Here, as discussed below, there is no “meaningful conflict” between New York's and Argentina's laws of fraud, unjust enrichment, or fiduciary duty which would have a substantive impact on this case. Thus, the Court will apply New York law.
Under New York law, the elements of a prima facie case for fraud are:
“(1) a material misrepresentation or omission of fact (2) made by defendant with knowledge of its falsity (3) and intent to defraud; (4) reasonable reliance on the part of the plaintiff; and (5) resulting damage to plaintiff.” Crigger v. Fahnestock and Co ., Inc., 443 F.3d 230, 234 (2d Cir.2006) (citation omitted); see Ross v. Louise Wise Servs., Inc., 8 NY3d 478, 488 (2007). In New York, a plaintiff who proves these elements of fraud may only collect pecuniary loss damages, which constitutes her “out of pocket” losses. Lama Holding Co. v. Smith Barney Inc., 88 N.Y.2d 413, 421 (1996) (citations omitted); 164 Mulberry Street Corp. v. Columbia Univ., 4 AD3d 49, 60 (1st Dept.2004).
According to the affidavit dated July 6, 2011 submitted by Plaintiff's expert Hernan Odriozola, an experienced Argentinian lawyer, fraud under Argentina's civil law is defined as a “willful misleading not attributable to the victim” which causes damage to the victim. “[T]he plaintiff who seeks compensation for damage [for fraud] has to demonstrate I) that he effectively suffered those damages and ii) that the defendant act[ed] fraudulently.” Affidavit of Hernan Odriozola at 4,5.
Fraud under New York law requires not only intent but reliance by plaintiff, something apparently not contemplated by Argentine law. Nevertheless, under the circumstances of this case, there are “no relevant substantive differences” in the law that affect the outcome here. Even under New York's more rigid standard, Plaintiff has made out her prima facie case for a default judgment with regard to so called “investment” money given to Defendant. Over the years, Defendant was given millions of dollars by Plaintiff under the guise that he was investing it for her so that she could achieve independence from her wealthy family. As her psychologist, he used his influence over her to intentionally mislead her into thinking that he was investing the money she gave him for her benefit. Plaintiff relied on Defendant's fraudulent representations and as a result lost millions of dollars. Thus, New York law should apply here. Under that law a default judgment for fraud with regard to Plaintiff's so called investments is appropriate, for which she is entitled to recover her pecuniary losses.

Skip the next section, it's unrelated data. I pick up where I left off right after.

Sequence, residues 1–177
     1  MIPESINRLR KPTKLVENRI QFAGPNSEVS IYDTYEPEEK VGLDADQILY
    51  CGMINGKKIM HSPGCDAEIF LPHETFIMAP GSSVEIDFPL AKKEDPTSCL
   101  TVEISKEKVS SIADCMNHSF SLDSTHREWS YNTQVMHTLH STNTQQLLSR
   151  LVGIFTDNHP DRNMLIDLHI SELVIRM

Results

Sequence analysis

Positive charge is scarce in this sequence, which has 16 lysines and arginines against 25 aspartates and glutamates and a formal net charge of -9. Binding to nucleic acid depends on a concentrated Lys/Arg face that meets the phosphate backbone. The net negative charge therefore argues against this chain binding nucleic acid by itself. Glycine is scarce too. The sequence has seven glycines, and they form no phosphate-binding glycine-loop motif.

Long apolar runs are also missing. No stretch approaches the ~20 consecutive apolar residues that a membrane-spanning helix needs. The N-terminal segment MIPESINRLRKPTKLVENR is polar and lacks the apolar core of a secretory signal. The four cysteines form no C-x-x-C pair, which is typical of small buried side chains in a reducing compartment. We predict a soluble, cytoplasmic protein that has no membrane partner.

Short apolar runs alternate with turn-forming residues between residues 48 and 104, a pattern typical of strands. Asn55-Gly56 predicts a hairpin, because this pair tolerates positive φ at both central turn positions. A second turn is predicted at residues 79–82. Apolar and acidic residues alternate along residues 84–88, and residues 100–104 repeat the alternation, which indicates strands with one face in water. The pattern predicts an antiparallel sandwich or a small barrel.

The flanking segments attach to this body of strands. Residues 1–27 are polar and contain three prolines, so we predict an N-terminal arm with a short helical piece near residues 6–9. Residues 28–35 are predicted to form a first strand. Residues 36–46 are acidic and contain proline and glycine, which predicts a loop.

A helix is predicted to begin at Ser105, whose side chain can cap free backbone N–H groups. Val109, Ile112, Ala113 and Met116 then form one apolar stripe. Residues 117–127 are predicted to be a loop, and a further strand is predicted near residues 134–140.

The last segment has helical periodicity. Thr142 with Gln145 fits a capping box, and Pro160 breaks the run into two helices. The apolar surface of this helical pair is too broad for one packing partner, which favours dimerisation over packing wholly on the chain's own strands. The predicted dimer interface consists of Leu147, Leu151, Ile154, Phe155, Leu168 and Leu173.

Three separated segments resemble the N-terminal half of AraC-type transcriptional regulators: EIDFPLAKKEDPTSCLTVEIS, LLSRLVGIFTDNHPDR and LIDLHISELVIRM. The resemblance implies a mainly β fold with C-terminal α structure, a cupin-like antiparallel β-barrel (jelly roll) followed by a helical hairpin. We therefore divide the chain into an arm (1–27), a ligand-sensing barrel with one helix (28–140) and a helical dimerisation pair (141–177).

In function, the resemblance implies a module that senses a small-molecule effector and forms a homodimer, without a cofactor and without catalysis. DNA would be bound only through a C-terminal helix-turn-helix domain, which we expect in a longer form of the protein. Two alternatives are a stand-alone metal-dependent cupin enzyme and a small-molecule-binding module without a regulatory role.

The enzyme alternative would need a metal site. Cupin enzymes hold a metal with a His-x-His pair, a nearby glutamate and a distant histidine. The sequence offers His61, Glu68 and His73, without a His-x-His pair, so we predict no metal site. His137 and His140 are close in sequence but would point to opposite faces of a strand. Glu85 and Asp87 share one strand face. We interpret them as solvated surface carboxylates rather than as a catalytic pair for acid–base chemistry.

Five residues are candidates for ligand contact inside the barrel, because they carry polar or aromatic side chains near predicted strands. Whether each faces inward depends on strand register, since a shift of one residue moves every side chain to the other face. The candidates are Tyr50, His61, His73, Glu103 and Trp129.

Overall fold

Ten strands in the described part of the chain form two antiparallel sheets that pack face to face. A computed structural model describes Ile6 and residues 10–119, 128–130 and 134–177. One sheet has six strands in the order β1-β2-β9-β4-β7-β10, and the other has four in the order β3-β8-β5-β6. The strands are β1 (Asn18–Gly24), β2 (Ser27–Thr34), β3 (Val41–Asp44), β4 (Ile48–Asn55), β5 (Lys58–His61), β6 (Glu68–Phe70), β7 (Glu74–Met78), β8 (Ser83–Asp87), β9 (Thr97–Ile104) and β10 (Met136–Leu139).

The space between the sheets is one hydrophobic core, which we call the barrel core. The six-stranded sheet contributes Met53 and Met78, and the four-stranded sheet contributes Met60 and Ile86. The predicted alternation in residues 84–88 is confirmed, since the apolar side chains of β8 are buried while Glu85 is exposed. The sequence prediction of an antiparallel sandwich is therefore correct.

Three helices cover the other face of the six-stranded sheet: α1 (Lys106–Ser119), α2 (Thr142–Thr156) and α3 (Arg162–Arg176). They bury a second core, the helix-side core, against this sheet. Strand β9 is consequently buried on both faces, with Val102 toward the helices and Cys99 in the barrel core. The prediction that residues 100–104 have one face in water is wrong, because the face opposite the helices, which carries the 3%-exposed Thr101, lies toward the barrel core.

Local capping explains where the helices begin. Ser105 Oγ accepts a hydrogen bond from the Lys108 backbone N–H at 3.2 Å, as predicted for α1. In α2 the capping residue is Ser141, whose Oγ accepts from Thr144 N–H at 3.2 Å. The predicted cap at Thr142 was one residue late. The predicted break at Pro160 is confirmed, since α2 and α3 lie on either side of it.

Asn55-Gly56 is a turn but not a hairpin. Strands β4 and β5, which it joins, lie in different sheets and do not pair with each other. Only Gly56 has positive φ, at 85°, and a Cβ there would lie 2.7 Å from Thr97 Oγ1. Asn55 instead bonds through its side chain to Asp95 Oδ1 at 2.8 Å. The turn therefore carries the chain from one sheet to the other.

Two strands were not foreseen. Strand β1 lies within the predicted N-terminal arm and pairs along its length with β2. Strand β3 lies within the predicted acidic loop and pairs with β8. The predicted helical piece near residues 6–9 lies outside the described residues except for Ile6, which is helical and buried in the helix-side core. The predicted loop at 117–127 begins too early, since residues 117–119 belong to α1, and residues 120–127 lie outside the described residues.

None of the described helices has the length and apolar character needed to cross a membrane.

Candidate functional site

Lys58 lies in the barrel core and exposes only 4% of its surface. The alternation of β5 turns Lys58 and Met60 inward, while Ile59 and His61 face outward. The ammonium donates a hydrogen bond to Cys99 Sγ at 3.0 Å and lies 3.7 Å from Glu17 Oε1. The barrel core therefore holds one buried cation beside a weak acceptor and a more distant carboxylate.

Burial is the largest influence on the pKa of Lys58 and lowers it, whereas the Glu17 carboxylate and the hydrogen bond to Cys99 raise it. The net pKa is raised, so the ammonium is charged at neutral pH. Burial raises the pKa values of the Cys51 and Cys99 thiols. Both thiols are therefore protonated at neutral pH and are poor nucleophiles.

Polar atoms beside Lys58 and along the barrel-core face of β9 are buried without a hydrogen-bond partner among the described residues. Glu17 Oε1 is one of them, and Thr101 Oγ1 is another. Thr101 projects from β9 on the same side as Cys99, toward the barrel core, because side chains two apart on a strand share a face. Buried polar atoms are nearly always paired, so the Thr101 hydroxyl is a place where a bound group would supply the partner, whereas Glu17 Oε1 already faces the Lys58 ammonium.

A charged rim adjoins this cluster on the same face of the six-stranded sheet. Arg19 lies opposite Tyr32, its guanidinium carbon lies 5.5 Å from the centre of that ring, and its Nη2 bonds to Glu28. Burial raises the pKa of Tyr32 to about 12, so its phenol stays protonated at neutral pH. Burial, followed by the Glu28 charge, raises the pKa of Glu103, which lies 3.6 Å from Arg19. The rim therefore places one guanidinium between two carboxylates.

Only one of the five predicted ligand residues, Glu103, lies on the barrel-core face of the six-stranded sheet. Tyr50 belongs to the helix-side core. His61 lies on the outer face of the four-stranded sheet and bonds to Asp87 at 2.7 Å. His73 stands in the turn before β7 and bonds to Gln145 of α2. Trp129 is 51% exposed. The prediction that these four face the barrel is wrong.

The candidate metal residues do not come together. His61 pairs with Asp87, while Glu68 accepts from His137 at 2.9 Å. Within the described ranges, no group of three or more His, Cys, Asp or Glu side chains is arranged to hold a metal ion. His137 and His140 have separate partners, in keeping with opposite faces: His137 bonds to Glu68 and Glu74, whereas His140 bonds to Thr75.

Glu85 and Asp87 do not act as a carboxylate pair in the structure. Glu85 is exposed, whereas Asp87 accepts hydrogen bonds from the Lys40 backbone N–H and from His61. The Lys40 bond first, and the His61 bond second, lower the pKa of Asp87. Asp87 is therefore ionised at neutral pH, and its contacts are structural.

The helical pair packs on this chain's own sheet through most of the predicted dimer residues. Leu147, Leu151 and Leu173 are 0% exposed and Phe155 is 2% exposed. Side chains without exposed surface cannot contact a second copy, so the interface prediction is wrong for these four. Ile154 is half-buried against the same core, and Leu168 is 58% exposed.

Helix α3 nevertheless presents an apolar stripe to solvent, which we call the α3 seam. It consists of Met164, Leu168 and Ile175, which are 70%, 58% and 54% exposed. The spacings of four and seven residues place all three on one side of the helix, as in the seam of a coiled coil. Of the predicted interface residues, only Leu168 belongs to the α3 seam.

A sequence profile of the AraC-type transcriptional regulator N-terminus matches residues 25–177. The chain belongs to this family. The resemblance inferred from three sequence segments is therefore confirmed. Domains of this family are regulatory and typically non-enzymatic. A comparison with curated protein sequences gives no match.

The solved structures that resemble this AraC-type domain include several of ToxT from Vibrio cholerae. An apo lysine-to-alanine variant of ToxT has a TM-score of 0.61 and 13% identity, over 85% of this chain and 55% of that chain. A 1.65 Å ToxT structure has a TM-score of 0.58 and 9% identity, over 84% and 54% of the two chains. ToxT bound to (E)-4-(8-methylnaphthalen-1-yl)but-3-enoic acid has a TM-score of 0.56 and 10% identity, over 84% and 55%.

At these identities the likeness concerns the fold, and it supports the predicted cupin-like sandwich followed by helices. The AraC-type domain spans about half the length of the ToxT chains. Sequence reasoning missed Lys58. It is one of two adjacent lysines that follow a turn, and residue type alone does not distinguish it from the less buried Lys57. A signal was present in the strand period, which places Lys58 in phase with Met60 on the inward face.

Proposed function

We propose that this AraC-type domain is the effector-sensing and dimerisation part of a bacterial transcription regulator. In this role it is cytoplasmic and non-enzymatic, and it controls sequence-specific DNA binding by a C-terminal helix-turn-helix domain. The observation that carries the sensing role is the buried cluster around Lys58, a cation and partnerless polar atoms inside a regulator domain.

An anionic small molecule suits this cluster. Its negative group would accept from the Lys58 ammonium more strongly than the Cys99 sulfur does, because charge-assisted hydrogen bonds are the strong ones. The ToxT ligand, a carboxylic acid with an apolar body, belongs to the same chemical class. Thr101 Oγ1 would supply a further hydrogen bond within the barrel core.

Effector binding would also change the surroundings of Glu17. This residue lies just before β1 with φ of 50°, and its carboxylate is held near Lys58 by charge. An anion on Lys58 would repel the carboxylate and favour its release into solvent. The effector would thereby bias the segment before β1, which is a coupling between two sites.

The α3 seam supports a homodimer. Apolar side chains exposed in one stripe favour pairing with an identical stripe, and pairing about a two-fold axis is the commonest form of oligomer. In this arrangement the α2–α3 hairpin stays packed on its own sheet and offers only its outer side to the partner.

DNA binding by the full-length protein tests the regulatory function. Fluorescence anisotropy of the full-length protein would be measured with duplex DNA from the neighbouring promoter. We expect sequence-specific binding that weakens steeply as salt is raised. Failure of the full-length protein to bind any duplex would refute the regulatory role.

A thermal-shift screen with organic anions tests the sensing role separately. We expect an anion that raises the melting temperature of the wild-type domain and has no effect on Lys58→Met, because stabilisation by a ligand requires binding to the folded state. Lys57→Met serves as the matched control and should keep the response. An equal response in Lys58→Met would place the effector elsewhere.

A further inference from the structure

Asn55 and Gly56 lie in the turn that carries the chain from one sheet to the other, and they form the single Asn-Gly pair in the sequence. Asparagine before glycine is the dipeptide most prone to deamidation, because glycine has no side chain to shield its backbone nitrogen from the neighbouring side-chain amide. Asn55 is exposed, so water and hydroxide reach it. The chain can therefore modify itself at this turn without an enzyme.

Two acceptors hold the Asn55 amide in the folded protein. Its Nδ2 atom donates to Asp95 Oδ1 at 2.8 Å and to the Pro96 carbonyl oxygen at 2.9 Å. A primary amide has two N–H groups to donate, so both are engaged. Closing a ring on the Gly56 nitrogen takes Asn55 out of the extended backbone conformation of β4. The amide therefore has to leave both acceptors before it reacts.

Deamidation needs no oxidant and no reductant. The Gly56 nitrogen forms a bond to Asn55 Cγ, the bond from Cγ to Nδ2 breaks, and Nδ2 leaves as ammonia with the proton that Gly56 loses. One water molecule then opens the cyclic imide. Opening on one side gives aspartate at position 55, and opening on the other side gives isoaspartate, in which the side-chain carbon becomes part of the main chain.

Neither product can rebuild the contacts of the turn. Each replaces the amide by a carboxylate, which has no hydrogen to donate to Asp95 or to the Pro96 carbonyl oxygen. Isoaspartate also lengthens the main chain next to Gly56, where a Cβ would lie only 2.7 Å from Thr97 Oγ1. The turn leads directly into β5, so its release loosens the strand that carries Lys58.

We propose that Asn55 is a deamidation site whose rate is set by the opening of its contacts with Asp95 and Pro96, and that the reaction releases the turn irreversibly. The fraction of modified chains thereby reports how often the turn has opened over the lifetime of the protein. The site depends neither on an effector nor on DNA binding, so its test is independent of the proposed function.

2. Unjust Enrichment
A case for unjust enrichment is made under New York law where “a benefit was bestowed ․ by plaintiffs and that defendants will obtain such benefit without adequately compensating plaintiffs therefor.' “ Wiener v. Lazard Freres & Co., 241 A.D.2d 114, 119 (1st Dept.1998) (quoting Tarrytown House Condominiums v. Hainje, 161 A.D.2d 310, 313 (1st Dept.1990)). Similarly, under Argentine law, a plaintiff has a cause of action for unjust enrichment where there is shown “i) the enrichment of one of the parties; ii) the impoverishment of the other party, who seeks the restitution of his assets to the original state of affairs; iii) that the impoverishment of a party is due to the unjust enrichment of the other; iv) absence of a legitimate cause for the enrichment of the relevant party.” Odriozola Affidavit at 11. Again, there is no substantive difference in the laws of New York and Argentina concerning unjust enrichment that would affect this case. Thus, the Court will apply New York law.